Patrol boat in center of police, fire tug-of-war
Town officials are still working out the formal arrangement, with some fire department personnel renewing calls for greater control
GREENWICH, Conn. — Technically speaking, Greenwich's newest patrol boat is called a CBRNE vessel. It stands for a chemical, biological, radiological, nuclear- and explosive-detecting multifunctional watercraft.
Because of its hybrid nature, the state-of-the-art boat, paid for by a $600,000 grant from the U.S. Department of Homeland Security, is continuing to be the reason a tug-of-war about how it will be operated and by whom — with the Fire Department recently renewing its case for greater access to the craft.
Town officials are still working out the formal arrangement — "a memo of understanding" — on the use of the boat, with some Fire Department personnel renewing calls for greater control.
"It has firefighting functions on it, so of course we want it," said fire union President John Novak. "I feel we have a need for access on the water," noting the Fire Department had no dedicated watercraft for emergencies on the town's busy shoreline.
"We don't have any capacity. Any additional apparatus would be a good addition," Novak said.
The 37-foot vessel is capable of a range of activities and joint operations that involve firefighting, search-and-rescue, medical support, scuba-diving and anti-terrorism functions. It has a pump and hose that can blast 2,000 gallons of water a minute to fight fires.
When the grant was made by Homeland Security, town leaders worried about cost and staffing, and decided the vessel would be assigned to the Police Department's Marine Division, which includes two other boats. Annual operating costs — fuel, insurance, maintenance and other expenses — are in the $20,000 range.
Paramedics from Greenwich Emergency Medical Service have also been trained to use the equipment on the boat.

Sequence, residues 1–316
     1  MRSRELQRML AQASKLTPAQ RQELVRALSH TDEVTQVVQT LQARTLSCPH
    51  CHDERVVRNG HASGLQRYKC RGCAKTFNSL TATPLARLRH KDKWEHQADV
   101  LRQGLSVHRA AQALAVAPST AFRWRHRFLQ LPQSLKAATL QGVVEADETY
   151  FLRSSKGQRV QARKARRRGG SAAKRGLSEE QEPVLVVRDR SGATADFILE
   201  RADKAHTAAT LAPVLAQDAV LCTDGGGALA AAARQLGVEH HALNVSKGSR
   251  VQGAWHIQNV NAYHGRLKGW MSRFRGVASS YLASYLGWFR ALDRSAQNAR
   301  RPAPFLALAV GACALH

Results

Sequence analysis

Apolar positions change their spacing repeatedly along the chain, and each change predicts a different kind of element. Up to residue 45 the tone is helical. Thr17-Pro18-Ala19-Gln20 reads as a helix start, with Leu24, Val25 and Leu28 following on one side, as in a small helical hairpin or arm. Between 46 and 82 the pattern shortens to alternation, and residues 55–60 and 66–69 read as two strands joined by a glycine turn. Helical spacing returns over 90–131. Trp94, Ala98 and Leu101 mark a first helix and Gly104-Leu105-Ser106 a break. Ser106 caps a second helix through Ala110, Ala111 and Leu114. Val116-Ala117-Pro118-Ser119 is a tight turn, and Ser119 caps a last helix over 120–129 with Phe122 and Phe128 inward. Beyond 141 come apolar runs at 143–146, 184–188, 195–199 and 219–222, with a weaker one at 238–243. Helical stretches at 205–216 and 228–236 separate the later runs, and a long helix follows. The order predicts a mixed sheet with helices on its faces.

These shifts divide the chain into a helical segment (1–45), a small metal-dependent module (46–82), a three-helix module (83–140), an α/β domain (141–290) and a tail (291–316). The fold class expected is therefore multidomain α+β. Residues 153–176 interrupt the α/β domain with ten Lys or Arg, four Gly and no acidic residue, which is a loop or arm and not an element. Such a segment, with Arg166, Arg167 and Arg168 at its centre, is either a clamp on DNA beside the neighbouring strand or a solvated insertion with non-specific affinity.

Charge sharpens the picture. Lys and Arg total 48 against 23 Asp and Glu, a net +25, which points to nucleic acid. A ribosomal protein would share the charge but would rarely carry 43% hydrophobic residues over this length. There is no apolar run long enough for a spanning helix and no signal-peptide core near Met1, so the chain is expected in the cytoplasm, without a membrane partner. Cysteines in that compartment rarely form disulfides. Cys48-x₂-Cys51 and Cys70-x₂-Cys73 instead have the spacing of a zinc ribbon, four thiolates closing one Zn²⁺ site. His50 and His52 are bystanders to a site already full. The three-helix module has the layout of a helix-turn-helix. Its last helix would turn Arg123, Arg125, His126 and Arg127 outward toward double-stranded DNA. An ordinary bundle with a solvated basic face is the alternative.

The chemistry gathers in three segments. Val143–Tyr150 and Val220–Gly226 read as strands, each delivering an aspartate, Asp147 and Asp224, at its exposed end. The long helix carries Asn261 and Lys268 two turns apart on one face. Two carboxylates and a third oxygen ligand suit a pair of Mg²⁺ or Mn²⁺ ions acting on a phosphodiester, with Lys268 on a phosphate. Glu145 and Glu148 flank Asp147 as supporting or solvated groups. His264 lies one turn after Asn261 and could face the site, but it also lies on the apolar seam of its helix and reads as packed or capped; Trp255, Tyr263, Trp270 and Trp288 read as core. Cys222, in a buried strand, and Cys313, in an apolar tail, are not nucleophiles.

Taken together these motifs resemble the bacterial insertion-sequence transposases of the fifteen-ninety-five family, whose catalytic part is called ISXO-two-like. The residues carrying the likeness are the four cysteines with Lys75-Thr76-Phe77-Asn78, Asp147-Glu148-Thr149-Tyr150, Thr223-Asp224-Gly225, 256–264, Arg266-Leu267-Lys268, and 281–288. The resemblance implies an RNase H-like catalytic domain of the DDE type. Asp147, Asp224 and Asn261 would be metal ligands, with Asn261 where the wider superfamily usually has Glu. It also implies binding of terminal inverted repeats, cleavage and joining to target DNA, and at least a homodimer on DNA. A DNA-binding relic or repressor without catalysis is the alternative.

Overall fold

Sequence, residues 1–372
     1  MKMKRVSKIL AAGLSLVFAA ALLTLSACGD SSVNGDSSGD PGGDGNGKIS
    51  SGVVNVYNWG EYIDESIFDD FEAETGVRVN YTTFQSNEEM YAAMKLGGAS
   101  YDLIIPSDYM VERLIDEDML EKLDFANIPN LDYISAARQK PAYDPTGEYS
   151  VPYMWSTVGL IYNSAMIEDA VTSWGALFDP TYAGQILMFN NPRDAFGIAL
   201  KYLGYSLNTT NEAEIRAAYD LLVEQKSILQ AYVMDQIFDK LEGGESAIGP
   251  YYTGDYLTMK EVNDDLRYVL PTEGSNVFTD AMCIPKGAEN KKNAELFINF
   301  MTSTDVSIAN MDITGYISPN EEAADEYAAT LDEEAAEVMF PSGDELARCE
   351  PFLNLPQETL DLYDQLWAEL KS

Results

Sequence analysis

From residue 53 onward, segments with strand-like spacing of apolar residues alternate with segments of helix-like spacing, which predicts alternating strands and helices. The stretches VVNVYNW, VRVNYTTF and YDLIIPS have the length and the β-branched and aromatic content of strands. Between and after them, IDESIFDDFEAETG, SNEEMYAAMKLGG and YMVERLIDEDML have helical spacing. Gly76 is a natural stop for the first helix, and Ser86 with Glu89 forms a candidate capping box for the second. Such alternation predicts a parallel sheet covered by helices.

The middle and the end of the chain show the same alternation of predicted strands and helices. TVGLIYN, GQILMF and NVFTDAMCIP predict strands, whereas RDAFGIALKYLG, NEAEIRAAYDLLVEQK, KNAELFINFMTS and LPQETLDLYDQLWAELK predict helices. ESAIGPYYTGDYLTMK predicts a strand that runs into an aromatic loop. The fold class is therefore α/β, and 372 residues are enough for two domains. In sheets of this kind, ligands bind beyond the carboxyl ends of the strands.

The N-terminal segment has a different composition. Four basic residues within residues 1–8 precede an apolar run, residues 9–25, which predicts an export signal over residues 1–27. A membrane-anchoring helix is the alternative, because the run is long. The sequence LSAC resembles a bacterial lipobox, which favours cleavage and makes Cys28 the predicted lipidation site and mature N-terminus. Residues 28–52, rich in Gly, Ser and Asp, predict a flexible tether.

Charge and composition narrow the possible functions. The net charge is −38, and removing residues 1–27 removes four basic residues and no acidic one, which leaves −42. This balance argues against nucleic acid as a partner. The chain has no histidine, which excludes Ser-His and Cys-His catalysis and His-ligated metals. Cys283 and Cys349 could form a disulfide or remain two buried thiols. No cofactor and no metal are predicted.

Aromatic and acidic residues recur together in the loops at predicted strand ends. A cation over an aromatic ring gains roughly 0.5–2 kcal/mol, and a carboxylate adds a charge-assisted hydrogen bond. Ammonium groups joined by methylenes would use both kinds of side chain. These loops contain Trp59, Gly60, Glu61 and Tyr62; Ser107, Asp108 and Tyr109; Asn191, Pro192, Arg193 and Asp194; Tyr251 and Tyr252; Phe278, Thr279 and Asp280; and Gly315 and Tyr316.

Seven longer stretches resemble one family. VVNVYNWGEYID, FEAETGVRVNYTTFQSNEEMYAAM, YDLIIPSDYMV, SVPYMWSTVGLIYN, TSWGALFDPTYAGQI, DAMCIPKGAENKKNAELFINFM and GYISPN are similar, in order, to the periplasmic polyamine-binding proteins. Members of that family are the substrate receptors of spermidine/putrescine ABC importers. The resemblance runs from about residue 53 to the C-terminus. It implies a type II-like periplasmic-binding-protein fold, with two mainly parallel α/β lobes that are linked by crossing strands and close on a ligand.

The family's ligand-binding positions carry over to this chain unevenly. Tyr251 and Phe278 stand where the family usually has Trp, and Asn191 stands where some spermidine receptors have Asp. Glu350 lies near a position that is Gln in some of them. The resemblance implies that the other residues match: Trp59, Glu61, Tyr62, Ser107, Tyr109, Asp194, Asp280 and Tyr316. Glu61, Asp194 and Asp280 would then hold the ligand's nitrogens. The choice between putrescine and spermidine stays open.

The firefighters union earlier filed a complaint against the town for neglecting to include them in negotiations over staffing and control of the vessel, and town officials are still seeking a negotiated settlement.
The current plan for the boat is for police officers to operate it and pick up firefighters and other emergency personnel, including GEMS staff, when needed.
Discussions are underway about whether Fire Department personnel could be trained to operate the boat, a move which would involve additional expenses.
"There's a cost to training them to operate it. We're looking at $100,000 just to train them to operate boat," First Selectman Peter Tesei said.
"We're working through a practical arrangement," Tesei continued. "Fire has a legitimate concern. We're going to work it through."
Police Chief Jim Heavey called the recent discussions productive and downplayed talk of interdepartmental friction.
"We work together all the time, and we're working on this," he said. "It's a process. There's a lot to it. We want to continue our partnership with the Fire Department. Now we have to sort out the details."
Heavey said the boat presented a number of technical challenges.
"Our officers receive a considerable amount of training to operate it," he said.
The 26,000-pound craft uses jet-type engines and is unlike recreational boats. Operators also need to be trained to use it in the worst possible weather conditions, the chief said, noting Greenwich waterways are lined with hidden obstructions that boat pilots need to know. Special swimming training is also a necessity and is part of discussions.
Greenwich Fire Chief Peter Siecienski said the department wants to see its personnel operate the boat in certain circumstances. Fire personnel needed to be trained to pilot the craft for operations involving hazardous materials and firefighting, he said.
"There were going to be certain times when the Fire Department (is) piloting the vessel. That was part of the agreement," he said. "We're pretty close to ironing out those details. They don't want just anyone jumping behind the wheel. I understand that."
Under terms of the Homeland Security grant, the vessel must be made available for use in other jurisdictions should a need arise -- from the harbor in lower Manhattan to waterways up and down Long Island Sound.
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